The question now, and for weeks to come, is how to pay for things. One way is through a minimum tax on corporations, proposed yesterday by senators Elizabeth Warren, Democrat of Massachusetts, and Angus King, Independent of Maine. (It’s similar to a proposal floated by Warren when she was running for president.) They want businesses reporting profits of $100 million or more to investors to pay a minimum 7 percent tax, saying it will affect at least 1,300 public companies and raise $700 billion over a decade.

“Like every other proposal, we have a ways to go,” King said. The senators haven’t tested the tax on centrist colleagues Kyrsten Sinema of Arizona and Joe Manchin of West Virginia, whose support is key to the Democratic budget bypassing a Republican filibuster. But Warren famously brings previously unthinkable progressive ideas into the mainstream, like student loan forgiveness. Can she do the same for a major change to the way corporate taxes are collected?

Warren said that she believes, based on discussion in the Democratic caucus, that her colleagues support taxing big corporations to fund social programs. And when President Biden was campaigning, he also supported a corporate minimum tax, she noted, but her plan raises more revenue.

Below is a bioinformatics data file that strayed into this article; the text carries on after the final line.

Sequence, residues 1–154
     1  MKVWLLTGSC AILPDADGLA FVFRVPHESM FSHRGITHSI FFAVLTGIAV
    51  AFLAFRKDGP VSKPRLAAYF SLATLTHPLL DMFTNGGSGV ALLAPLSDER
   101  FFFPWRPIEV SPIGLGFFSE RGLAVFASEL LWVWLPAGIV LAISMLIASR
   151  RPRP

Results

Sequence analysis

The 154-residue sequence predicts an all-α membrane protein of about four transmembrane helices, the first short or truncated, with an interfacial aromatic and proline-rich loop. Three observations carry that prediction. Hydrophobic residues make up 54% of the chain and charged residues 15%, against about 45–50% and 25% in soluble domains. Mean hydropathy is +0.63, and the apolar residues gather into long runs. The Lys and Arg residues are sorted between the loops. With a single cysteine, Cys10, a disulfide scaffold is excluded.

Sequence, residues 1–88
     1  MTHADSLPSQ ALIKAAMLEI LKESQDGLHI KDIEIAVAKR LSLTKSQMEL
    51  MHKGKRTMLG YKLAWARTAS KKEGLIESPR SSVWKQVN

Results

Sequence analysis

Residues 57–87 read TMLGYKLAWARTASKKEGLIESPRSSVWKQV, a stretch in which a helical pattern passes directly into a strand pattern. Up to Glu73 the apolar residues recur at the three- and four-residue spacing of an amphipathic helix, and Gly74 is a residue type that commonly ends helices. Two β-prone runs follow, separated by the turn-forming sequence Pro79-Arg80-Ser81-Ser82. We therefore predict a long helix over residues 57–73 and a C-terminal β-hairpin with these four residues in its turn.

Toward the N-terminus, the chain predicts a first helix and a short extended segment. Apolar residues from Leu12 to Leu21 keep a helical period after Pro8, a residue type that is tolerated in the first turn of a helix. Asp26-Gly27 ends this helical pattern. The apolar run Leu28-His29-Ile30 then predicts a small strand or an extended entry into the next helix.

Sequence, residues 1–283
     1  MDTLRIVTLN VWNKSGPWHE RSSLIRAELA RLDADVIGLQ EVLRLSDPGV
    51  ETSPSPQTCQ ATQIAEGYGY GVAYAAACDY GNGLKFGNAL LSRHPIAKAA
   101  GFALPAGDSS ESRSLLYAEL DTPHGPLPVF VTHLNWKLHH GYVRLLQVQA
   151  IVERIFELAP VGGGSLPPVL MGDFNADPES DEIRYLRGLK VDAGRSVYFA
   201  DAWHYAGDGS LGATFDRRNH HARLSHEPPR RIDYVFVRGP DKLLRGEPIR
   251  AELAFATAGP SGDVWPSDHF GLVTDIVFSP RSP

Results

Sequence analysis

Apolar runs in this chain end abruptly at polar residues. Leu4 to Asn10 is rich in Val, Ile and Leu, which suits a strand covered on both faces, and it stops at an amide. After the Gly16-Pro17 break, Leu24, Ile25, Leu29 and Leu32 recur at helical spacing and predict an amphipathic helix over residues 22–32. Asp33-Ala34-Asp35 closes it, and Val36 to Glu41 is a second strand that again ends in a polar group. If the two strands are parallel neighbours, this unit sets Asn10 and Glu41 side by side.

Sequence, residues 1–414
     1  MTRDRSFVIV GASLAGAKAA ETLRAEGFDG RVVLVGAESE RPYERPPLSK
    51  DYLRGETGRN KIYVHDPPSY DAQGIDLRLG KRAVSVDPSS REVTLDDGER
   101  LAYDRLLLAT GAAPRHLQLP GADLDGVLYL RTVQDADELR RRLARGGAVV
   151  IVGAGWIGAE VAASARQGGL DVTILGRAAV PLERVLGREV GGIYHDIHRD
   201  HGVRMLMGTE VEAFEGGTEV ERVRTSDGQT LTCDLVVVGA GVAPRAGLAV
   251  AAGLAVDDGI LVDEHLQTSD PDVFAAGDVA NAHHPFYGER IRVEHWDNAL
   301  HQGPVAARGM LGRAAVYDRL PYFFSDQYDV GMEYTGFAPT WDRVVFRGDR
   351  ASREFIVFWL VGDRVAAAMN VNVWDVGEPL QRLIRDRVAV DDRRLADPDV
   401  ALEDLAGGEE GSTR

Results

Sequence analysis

The sky isn’t quite the limit. A potential snag to the Democrats’ budget blueprint is that it doesn’t address the approaching federal debt limit. Treasury Secretary Janet Yellen wrote to lawmakers yesterday urging them to raise it for the sake of existing needs, not only future goals. (It was her third such warning in recent weeks.) “Failure to meet those obligations would cause irreparable harm to the U.S. economy,” she wrote.

“While there are no guarantees as to what the future will bring in a still infection-impacted world, one can look ahead and envision a happy Hollywood ending to this story.”

— Adam Aron, the C.E.O. of AMC Entertainment, on reporting a smaller-than-expected loss at the theater chain, whose market fortunes were transformed when it became a meme stock earlier this year. Aron also said that the company would accept Bitcoin for ticket purchases by the end of the year.

Charting the job market mismatch

Employers in the U.S. had 10.1 million open jobs at the end of June, the Department of Labor reported yesterday. It’s the first time that measure has reached eight figures. A high number of available positions typically signals economic strength, but that might not necessarily be the case in the pandemic-altered labor market.

In late 2018, there were 1.5 million more available jobs than there were Americans looking for work. Right now, with 9.5 million Americans out of work, that difference is 600,000. But as Elise Gould of the Economic Policy Institute pointed out, if you consider people without jobs not actively looking for work, who are not counted as part of the official unemployed, the ranks of the jobless far out number open positions.